Those are just two things off the top of my head at the moment. smiling smiley

By reversing FDR's social safety net protections over the past 40 years, we've created what economists have called the Second Gilded Age in America in terms of inequality. sad smiley

Edited 10 time(s). Last edit at 10/28/2019 11:44AM by shoptastic.
@ wrote:

The rich pay the majority of the taxes in this country. I'm personally paying around 40% with state and federal.

The top 1 percent paid a greater share of individual income taxes (37.3 percent) than the bottom 90 percent combined (30.5 percent).

The rich make far more money than anyone. It's not how much you're taxed that's most important. What's most important is how much you have left after paying taxes. The rich have millions or even billions left after paying taxes.

Edited 1 time(s). Last edit at 10/28/2019 01:13PM by johnb974.
I most admit I've done a couple these when out of town on a route, but never at home. My logic is I can't wait on the bonus I would be in town. They must be self assign also.

A Dad shopping the Ark-LA-Tex and beyond.


Edited 1 time(s). Last edit at 11/05/2019 08:52PM by ShoppingDad.
I just one to make one more comment. When you write what is 'fair' do you know how much they make from the job that they are paying you $4.00 dollars for? I understand that everyone has the right to do these jobs for next to nothing, but you are selling yourself short. I was routinely paid $25.00 in bonuses for those shops up until a few months ago. I have been told that people are accepting them for the $4.00 and $6.00 fees so they no longer need to pay bonuses anymore. They decline everything unless its last minute and even then, its less then half of what it used to be, the going PAD or bonus is now $4.00 and even that, except for the last round of cell phone shops, is rare now. Its just sad because if everyone would or could agree to wait for a decent pay scale, we would all be better compensated. Of course I know that the people who are just starting out need to get whatever they can to get better shops. But this company has no better shops, this is it, there is no working your way up to something better, you are working your way down, to never being paid anything more. There are plenty of regulars, who are fine and happy doing these for the low pay, but its going to get even worse, sadly.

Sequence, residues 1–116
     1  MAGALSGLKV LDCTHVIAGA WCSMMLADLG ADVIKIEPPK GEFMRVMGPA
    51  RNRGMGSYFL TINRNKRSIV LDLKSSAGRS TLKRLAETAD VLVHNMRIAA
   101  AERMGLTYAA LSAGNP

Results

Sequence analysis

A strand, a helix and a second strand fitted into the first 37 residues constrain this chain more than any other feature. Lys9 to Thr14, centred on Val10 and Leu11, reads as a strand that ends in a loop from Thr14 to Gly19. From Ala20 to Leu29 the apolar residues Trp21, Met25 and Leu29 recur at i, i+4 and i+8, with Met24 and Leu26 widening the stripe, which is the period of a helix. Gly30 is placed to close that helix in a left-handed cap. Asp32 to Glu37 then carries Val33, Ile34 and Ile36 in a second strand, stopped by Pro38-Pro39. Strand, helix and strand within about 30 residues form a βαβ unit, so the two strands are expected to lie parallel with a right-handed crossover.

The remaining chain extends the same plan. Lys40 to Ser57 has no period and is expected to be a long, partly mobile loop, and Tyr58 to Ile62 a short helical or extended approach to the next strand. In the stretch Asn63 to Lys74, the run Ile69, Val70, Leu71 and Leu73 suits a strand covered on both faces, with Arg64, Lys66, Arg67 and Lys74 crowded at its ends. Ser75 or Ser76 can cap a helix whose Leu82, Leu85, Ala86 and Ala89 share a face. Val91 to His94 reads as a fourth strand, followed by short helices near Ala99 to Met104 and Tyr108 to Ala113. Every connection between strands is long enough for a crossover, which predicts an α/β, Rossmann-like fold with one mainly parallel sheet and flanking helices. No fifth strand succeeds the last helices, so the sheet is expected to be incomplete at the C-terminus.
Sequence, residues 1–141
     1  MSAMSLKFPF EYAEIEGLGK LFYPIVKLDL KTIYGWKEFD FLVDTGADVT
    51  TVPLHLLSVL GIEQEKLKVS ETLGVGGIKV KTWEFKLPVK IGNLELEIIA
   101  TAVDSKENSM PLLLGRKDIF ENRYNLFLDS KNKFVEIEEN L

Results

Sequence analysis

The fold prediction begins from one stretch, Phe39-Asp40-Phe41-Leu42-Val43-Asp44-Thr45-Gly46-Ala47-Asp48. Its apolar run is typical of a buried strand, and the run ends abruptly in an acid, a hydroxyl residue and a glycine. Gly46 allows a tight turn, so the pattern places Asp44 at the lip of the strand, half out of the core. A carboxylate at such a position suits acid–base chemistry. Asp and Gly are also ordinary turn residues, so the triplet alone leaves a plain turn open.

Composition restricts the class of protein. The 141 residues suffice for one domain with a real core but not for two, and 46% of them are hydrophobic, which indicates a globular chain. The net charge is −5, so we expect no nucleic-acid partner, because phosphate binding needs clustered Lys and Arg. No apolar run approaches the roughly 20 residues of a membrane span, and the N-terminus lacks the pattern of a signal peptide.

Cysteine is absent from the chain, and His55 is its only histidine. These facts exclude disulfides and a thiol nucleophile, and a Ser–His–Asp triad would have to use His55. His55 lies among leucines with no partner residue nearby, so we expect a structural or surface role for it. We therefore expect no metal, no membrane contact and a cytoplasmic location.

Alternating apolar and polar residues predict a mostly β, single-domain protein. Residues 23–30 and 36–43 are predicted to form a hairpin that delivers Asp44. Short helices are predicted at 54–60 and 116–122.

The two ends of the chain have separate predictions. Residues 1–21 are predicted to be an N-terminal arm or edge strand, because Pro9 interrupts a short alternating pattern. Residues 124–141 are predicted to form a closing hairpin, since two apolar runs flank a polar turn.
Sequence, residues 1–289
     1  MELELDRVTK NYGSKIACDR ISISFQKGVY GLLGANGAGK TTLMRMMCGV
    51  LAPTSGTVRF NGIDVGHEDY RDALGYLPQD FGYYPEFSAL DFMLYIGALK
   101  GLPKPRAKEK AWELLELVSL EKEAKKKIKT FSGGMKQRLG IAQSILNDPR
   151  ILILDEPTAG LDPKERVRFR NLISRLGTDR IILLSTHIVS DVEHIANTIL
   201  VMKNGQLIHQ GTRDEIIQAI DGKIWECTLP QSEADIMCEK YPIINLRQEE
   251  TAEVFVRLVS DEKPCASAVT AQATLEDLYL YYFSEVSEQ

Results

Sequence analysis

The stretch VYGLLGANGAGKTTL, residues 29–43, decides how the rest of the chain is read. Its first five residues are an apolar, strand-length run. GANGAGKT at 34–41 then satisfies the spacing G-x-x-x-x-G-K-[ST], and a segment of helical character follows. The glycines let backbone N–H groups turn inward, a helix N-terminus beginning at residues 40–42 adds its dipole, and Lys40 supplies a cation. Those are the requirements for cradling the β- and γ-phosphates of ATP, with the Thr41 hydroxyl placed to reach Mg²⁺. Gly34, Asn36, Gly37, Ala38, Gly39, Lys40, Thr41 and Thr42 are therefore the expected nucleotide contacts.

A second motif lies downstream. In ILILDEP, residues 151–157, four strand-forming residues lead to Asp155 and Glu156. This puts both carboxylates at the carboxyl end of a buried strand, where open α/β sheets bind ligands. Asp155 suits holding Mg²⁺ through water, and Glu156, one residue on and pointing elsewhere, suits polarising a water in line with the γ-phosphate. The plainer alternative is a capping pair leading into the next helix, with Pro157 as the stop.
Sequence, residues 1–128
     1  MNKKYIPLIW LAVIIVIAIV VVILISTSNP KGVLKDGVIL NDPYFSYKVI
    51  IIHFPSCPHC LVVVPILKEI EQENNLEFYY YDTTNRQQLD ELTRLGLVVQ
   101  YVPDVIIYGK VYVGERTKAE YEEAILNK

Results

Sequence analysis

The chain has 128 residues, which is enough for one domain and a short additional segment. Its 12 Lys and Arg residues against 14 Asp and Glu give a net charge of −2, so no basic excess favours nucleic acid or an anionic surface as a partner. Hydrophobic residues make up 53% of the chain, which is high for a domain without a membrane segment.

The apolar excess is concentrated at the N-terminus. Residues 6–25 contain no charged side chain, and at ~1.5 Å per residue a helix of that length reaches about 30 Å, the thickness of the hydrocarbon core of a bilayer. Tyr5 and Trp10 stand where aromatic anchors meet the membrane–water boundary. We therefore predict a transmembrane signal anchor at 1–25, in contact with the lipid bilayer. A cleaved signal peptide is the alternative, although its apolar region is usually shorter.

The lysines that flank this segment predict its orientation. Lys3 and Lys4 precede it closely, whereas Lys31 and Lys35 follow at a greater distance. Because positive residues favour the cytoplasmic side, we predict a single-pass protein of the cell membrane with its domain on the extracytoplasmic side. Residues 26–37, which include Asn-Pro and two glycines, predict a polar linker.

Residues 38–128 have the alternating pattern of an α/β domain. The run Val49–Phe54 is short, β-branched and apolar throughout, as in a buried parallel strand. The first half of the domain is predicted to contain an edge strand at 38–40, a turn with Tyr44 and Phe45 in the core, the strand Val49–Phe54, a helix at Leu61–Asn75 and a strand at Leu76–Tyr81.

@Niner wrote:



The rich pay the majority of the taxes in this country. I'm personally paying around 40% with state and federal.

The top 1 percent paid a greater share of individual income taxes (37.3 percent) than the bottom 90 percent combined (30.5 percent).


Conversely, a couple of months ago, a ‘full-time professional mystery shopper’ boasted that he didn’t pay any tax as his income was too low.

@Niner well done for your contributions. You help keep things going with your tax payments.